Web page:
Friday, May 2, 2008

The Changing Face of the Motorcycle Community

tokyo motorcycle showWas reading KT DID's post about the Laughlin River Run, that just came and went last week, and about how the crowd was a lot smaller this year than in previous years.

I've said before that I've gotten tired of rallies and runs, and just don't go to them anymore. And I didn't go to Laughlin. But I don't suspect that people are bored of rallies as I am.

In talking to other riders who went there, and some vendors that went there, police presence was really high, and they were harrassing the folks as often as they could. And there was also the heat. I understand it got pretty hot there.

But then again, Laughlin is always hot, and ever since 2002, the cops are always bothering the rally-goers. That didn't stop people last year, or the year before.

You might say it was the high price of gasoline. Maybe. But when you're riding your motorcycle, it really isn't that much more in cost. A car definitely.

I started noticing last year that crowds were thinning down at the smaller events, like poker runs, benefit rides, and bike shows. I was wondering if we had already seen the highpoint of the biker craze, and that now we're on a downward trend.

The news reports suggest that more people than ever are buying motorcycles and scooters. But that's for economic reasons; they're buying the smaller displacement bikes because they're cheaper and get higher gas mileage.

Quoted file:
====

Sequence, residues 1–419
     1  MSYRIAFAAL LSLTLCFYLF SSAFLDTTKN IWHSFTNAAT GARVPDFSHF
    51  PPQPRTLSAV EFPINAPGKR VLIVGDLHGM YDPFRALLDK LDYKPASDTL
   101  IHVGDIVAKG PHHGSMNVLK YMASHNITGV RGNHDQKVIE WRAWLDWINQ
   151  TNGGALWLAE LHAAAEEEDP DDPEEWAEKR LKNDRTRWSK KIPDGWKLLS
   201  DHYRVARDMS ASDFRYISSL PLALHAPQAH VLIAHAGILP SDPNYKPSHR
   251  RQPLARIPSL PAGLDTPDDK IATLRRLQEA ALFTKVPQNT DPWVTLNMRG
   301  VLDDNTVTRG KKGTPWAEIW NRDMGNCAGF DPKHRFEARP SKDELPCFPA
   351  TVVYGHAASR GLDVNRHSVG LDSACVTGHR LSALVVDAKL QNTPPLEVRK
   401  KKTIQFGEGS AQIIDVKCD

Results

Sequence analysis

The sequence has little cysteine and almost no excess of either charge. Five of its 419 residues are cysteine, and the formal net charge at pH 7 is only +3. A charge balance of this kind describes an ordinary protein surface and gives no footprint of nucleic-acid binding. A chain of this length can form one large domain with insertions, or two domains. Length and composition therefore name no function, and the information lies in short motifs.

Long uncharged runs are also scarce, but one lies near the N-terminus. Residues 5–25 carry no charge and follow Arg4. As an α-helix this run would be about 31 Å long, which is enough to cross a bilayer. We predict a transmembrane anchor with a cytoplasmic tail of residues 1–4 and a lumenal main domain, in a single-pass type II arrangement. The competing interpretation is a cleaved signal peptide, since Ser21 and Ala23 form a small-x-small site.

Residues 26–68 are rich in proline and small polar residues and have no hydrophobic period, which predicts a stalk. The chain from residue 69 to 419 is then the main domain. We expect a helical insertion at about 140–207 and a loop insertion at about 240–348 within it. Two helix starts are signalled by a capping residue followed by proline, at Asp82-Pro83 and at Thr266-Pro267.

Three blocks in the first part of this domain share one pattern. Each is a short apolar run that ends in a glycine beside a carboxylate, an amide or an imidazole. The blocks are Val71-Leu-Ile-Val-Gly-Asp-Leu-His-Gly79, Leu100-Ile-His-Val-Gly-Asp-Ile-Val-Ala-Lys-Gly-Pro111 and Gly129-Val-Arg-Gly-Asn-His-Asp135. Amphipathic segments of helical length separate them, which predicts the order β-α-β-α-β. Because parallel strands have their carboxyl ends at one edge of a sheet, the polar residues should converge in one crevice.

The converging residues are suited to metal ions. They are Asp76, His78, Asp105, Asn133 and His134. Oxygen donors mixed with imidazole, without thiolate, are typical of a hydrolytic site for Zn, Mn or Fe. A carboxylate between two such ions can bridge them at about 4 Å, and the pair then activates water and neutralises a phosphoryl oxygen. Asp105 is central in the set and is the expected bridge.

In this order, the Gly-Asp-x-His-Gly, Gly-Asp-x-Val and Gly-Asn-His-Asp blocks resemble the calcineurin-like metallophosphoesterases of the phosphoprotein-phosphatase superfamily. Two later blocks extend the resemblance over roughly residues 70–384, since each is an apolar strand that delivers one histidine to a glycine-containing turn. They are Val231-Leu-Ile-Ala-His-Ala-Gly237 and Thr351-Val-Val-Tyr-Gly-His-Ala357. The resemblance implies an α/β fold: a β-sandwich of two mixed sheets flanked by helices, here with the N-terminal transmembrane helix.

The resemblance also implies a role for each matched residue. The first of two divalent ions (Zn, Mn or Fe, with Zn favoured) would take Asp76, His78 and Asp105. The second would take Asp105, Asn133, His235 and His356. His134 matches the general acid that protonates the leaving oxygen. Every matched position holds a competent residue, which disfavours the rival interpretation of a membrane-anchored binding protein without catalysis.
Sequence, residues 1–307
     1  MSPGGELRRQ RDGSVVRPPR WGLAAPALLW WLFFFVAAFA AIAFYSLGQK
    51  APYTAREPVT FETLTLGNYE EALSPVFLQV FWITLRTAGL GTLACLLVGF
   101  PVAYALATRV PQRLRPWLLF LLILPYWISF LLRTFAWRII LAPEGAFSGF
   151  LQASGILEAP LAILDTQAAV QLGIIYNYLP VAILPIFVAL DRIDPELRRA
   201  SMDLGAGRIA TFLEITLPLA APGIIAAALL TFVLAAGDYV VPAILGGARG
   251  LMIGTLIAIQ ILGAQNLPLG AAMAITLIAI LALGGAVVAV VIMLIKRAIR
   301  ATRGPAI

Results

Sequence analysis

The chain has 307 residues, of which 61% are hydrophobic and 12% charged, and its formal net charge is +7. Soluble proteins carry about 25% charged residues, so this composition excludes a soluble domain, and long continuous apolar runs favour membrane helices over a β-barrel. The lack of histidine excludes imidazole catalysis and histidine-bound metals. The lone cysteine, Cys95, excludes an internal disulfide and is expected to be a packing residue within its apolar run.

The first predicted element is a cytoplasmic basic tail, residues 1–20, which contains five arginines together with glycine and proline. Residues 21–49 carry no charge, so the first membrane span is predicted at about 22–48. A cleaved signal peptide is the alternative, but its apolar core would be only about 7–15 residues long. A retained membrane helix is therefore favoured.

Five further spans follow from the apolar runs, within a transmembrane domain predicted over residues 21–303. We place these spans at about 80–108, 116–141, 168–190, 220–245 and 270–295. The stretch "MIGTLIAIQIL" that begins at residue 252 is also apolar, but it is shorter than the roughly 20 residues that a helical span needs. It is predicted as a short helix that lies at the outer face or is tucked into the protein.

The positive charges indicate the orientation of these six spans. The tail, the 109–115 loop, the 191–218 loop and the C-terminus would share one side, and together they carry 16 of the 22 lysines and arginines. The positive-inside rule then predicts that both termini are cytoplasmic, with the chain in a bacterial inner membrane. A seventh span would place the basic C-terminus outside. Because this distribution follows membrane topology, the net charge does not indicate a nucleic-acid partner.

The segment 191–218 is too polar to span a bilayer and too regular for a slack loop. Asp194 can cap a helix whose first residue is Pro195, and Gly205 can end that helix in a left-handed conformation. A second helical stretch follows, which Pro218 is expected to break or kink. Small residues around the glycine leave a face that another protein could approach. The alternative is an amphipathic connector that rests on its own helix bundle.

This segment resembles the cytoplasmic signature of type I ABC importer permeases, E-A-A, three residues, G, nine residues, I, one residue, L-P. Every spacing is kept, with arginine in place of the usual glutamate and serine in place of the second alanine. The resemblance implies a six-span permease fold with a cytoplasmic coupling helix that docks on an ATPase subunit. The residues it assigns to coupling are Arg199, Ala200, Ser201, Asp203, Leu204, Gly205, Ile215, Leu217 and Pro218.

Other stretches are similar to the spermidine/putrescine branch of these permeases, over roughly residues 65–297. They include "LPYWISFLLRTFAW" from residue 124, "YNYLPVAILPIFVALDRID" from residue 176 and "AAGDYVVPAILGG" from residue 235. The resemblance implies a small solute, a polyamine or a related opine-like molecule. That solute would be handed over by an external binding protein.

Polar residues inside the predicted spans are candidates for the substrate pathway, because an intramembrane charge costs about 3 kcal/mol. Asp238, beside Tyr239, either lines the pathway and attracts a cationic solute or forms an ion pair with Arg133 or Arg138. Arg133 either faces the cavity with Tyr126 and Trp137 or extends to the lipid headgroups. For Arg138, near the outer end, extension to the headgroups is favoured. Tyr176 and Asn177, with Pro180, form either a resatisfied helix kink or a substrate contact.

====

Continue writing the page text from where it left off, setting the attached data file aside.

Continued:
But then, maybe that's what going on.

We're seeing a different breed of biker emerging, the commuter.

The popularity of motorcycles that we saw in the early 2000s was perhaps a fad. And fads are meant to fade away. The smaller percentage of us who found something that connected with our souls have held on to discover our true niches, be it in a riding club, a motorcycle club or just hanging out at the biker bars. The rest of them may have decided to hang up their $300.00 Harley jackets in exchange for some other fashion statement.

In December of 2006, some friends and I took a ride to Long Beach, CA, to visit the International Motorcycle Show, that showcases the newest models in factory motorcycles. Not choppers, not customs, but all the "regular" bikes.

Maybe that's the kind of show that will replace the chopper shows. Instead of bikini-clad hoochies straddling $50,000 choppers, we'll be seeing more conservatively appointed models standing next to cheaper, smaller, commuter bikes.


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About Steve

A vagabond who hauls a motorcycle around the country in a toy hauler, earning a living as a website developer. Can often be found where there's free Wi-Fi, craft beer, and/or public nudity. (Read more...)